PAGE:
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Title: Passive immunity in piglets : the acquisition of immunoglobulin G (IgG) from colostrum
Author: Bland, Ian Mark
ISNI:       0000 0001 3467 6496
Awarding Body: University of Aberdeen
Current Institution: University of Aberdeen
Date of Award: 2003
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Foetal piglets do not obtain immunoglobulins during pregnancy and rely on colostrum immunoglobulins until active immunity develops. The amount of immunoglobulin that piglets obtain depends upon: colostrum immunoglobulin concentration; quantities of colostrum ingested and when closure occurs. Closure describes the change that takes place between 12-36h of life, when the piglet gut can no longer absorb immunoglobulins. A series of studies were undertaken to examine colostrum IgG concentrations and IgG acquisition by piglets. The first two trials demonstrated that IgG concentration between sows and piglet IgG intake was very variable. Piglet plasma IgG concentrations were remarkably consistent however, suggested that piglets were regulating IgG uptake. The third trial reduced piglet IgG intakes by delaying suckling. Results showed that piglets with reduced IgG intakes had reduced plasma IgG concentrations and could not compensate for lowered IgG intake. The results suggested that piglets regulated IgG uptake when IgG was in excess, but had only limited ability to regulate IgG uptake when IgG supply was limited. The fourth trial set out to examine the effects of maternal diet and vaccination on piglet IgG acquisition. A 2x2 factorial design, sows were fed diets either with vitamins A, C and E at recommended amounts or 3-5 times recommended amounts and either vaccinated or not. Results showed that maternal vaccination or diet did not affect maternal plasma IgG concentration or colostrum IgG concentration. Supplementing maternal diet with vitamins significantly increased piglet plasma IgG concentrations, as did maternal vaccination. Of ingested IgG, approximately 0.6-0.7 appeared in piglet plasma. It was possible to influence piglet plasma IgG concentrations by manipulating maternal diet and immune status. With increasing pressure on the use of antibiotics in agriculture and increasing animal welfare/health demands, the effects of other macro and micronutrients on piglet IgG status need to be investigated.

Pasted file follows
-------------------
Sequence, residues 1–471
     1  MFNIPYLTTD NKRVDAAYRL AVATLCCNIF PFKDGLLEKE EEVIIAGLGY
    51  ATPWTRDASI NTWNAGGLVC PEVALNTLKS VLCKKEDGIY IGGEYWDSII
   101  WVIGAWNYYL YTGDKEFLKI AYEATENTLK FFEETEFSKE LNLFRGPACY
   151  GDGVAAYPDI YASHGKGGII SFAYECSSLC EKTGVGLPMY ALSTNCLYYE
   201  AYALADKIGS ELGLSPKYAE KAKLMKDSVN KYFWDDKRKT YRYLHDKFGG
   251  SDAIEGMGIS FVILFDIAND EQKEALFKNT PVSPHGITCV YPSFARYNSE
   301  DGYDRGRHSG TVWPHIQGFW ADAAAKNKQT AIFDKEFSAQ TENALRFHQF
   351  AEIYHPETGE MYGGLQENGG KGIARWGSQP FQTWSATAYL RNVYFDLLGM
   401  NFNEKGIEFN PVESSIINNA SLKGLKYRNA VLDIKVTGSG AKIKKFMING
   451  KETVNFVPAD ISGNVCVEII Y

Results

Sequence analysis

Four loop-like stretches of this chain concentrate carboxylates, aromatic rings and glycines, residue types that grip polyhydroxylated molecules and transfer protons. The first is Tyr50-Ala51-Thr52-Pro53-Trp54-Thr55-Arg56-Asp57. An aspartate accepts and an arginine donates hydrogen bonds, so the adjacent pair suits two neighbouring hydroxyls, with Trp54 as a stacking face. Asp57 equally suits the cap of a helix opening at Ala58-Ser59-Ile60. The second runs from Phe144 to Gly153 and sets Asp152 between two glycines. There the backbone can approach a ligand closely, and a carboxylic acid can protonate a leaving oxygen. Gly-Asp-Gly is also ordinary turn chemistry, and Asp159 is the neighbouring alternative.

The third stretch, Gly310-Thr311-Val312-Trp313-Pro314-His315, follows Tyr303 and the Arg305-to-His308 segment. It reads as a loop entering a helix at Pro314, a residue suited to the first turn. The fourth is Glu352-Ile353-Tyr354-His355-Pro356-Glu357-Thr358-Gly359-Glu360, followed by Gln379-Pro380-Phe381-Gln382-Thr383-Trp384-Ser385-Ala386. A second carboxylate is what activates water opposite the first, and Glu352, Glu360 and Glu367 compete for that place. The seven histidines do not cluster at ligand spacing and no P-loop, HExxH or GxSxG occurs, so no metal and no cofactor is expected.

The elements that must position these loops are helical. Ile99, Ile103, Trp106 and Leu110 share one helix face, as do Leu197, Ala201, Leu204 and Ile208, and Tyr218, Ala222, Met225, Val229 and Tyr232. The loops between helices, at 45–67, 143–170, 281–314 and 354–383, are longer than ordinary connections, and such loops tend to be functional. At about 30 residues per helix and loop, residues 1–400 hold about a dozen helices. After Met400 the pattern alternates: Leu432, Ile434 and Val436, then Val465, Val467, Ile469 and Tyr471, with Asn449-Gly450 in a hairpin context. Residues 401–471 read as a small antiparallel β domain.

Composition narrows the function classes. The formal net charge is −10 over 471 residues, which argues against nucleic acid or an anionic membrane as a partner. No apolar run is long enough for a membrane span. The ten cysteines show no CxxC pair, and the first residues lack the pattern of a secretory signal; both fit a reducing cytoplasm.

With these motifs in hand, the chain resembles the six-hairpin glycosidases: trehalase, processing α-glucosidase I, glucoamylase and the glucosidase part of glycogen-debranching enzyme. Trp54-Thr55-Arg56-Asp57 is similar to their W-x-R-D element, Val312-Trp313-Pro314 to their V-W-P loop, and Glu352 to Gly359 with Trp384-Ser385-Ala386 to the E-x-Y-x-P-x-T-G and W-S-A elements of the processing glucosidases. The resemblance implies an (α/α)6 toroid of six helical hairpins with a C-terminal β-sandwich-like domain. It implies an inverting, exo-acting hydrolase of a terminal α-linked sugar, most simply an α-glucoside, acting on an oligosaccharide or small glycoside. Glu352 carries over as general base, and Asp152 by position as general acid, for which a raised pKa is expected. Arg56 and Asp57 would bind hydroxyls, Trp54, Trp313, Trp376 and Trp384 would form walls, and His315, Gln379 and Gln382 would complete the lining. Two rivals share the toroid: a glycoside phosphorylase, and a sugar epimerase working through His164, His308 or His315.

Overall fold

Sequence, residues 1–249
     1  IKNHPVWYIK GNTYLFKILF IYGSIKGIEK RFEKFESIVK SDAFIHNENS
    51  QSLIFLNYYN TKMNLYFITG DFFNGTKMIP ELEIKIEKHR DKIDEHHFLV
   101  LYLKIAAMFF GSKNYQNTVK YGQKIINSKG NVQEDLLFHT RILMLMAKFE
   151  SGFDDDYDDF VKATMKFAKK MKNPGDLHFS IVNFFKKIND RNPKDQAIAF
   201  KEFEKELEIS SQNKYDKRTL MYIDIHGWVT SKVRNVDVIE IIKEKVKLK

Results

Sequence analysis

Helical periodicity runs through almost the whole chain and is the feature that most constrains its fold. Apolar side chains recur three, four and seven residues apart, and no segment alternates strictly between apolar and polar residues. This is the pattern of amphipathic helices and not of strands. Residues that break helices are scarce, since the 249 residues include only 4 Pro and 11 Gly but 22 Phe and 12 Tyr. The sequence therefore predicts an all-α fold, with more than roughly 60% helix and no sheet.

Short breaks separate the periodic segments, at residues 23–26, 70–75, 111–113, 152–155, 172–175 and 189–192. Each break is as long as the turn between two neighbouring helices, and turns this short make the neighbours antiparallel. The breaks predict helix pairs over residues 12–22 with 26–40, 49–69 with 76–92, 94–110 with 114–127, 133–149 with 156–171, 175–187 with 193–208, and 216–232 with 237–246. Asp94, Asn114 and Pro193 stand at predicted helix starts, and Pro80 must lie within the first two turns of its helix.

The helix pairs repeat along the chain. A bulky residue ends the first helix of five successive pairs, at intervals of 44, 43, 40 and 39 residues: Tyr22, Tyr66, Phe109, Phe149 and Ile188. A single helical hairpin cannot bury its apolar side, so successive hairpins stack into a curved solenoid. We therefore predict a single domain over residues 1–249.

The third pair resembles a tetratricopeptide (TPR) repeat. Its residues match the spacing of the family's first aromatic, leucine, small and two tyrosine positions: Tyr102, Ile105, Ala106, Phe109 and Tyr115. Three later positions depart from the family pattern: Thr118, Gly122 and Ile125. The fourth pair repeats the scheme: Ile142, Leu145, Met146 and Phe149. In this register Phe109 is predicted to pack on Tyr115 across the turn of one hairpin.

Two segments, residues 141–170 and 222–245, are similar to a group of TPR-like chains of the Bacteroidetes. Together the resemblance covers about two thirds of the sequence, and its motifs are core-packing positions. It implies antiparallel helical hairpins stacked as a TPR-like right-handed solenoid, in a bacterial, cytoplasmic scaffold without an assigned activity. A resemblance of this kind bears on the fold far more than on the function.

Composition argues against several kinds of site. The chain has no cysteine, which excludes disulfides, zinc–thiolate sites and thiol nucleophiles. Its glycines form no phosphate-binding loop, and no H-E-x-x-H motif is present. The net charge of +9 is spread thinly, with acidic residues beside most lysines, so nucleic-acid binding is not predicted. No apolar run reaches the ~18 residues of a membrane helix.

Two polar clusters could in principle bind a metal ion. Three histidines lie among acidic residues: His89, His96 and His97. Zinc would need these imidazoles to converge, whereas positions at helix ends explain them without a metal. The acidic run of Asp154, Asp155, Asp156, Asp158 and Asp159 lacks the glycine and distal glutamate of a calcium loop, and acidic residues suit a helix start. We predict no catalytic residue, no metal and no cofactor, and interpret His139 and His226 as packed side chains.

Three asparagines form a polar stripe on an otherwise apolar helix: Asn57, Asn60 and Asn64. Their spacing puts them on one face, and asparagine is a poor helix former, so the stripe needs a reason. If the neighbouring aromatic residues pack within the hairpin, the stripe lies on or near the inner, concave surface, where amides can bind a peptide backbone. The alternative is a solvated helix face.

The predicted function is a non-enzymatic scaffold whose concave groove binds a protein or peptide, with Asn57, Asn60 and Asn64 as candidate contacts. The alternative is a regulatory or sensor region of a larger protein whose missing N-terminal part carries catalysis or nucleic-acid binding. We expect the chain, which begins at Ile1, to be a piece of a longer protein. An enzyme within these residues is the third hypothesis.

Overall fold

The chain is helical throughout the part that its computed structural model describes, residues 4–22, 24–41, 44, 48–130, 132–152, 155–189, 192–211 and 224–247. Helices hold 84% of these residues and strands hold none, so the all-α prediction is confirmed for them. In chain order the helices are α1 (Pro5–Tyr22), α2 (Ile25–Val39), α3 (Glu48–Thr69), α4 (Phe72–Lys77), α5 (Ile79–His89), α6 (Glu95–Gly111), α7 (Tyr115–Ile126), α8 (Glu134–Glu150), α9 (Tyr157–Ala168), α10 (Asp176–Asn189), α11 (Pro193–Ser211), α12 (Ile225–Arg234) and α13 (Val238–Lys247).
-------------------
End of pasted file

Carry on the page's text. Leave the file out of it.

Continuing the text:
Supervisor: Not available Sponsor: Not available
Qualification Name: Thesis (Ph.D.) Qualification Level: Doctoral
EThOS ID:  DOI: Not available
Keywords: Foetal piglets